For that reason, if you're going to invest in futures, you should aim to keep that portion of your portfolio from 5 to 15 percent of your total investments. You shouldn't risk going much higher than 15 percent in futures because of how volatile they can be. Many investors, even more aggressive ones, wouldn't be comfortable losing more than 15 percent of their portfolio.
If you aren't sure about your risk tolerance, consult digital resources. There are some great risk tolerance quizzes online that will help you determine how you'll deal with market volatility.
And because investing in futures can be so time intensive if you're paying attention like you should, it might be pointless to put that much time into something that comprises less than 5 percent of your portfolio.
If you want to forge ahead, consult with a broker. Be prepared to answer questions about your net worth, salary, risk, and other investments you have.
Futures Vs. Options
Options is another term you might hear when people are talking about futures, but there's an important difference you should understand between the terms.
With futures, the buying or selling must happen on the date mentioned in the contractual obligation. But an option doesn't require that the transaction actually goes through. It just gives the buyer the right to make it happen. But there isn't an obligation to do so, such as there would be with futures.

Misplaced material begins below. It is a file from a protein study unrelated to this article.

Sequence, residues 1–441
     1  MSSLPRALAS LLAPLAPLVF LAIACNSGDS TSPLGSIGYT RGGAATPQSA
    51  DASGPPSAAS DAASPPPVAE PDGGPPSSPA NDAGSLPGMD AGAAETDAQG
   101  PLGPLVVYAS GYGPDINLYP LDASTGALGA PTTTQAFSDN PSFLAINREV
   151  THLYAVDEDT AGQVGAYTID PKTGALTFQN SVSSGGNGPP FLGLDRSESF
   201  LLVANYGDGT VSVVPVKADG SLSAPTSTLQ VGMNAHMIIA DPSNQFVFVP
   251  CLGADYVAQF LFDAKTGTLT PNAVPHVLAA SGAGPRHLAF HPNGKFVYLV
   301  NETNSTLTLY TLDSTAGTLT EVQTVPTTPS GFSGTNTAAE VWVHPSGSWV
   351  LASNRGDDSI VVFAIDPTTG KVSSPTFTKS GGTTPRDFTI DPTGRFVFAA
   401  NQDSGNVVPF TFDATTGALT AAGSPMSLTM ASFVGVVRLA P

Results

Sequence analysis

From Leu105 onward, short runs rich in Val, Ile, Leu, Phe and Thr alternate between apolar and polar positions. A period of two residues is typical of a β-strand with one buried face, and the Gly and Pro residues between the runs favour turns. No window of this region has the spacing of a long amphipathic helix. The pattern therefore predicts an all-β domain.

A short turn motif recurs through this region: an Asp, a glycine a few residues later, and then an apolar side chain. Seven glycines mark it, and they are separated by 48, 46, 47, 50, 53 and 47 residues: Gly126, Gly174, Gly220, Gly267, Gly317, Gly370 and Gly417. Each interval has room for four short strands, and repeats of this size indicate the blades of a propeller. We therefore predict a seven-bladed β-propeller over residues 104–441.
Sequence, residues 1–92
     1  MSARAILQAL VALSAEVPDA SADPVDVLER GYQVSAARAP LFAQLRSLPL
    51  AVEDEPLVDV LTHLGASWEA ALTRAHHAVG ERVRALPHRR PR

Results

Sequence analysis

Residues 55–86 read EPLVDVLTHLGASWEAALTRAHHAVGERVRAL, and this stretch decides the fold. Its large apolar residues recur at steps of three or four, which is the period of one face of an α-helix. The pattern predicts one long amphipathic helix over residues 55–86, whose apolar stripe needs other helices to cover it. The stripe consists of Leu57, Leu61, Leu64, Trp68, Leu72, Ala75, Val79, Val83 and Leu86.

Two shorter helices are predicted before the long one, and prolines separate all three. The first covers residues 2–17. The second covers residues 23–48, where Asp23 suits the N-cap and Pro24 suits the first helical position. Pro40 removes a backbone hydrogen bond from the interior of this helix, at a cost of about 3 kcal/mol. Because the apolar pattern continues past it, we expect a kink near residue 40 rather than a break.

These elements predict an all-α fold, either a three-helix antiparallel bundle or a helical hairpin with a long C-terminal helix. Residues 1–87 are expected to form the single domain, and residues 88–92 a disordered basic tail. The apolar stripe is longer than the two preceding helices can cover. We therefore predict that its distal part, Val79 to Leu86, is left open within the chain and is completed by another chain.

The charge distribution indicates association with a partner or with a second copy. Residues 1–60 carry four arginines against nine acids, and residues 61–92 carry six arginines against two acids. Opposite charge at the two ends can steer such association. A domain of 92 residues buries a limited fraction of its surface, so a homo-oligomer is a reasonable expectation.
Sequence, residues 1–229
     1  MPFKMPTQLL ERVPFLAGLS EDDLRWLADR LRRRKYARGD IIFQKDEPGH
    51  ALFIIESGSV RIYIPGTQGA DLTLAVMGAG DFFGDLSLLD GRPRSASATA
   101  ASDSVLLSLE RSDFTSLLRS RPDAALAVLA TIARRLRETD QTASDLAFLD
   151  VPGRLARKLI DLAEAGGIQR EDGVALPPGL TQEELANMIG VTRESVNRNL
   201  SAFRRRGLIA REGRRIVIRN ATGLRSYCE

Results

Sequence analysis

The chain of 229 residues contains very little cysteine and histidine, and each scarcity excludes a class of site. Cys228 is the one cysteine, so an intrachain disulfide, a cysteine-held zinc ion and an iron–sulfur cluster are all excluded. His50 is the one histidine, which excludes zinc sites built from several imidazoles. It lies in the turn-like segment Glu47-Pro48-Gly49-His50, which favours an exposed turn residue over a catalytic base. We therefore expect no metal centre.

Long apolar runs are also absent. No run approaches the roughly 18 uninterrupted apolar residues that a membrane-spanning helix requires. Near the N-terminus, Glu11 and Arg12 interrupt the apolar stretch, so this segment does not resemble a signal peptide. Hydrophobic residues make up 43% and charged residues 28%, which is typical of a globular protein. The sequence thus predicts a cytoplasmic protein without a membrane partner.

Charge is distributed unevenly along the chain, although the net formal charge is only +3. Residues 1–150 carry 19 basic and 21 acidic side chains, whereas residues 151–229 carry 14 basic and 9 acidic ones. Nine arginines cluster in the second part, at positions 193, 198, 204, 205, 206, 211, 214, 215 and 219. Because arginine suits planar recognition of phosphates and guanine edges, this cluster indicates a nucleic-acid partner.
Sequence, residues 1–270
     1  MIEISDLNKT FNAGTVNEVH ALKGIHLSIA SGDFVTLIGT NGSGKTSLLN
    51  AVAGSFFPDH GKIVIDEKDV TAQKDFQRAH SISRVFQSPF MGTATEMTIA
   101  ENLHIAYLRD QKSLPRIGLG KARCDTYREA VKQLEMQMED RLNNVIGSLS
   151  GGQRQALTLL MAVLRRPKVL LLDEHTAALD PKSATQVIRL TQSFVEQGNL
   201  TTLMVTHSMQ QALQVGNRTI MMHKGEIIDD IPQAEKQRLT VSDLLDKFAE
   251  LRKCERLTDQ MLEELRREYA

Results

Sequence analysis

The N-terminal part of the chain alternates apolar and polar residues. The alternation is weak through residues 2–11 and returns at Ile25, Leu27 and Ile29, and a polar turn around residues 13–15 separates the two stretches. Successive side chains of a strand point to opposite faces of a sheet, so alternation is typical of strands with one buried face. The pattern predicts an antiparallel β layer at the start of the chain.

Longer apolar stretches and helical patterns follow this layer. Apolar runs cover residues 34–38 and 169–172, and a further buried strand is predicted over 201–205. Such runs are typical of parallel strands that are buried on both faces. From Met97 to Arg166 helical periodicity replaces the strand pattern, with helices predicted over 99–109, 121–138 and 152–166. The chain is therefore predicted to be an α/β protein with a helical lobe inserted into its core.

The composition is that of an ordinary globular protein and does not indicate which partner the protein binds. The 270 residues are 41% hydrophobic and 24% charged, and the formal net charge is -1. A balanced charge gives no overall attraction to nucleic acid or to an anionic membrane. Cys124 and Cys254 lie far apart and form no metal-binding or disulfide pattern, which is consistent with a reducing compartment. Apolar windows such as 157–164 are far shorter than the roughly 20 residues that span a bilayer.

Using Your New Knowledge
Just because you now understand futures doesn't mean that type of investment will make sense for your portfolio. Figure out whether futures investing is something you can afford to do, both financially and emotionally, because of the volatility involved. You might find yourself more drawn to other types of investments that require a lower risk, financially.
Even if it doesn't make sense for you right now, it's something you can consider at a later date. At the very least, you've now expanded your investing knowledge, and that's always a good thing.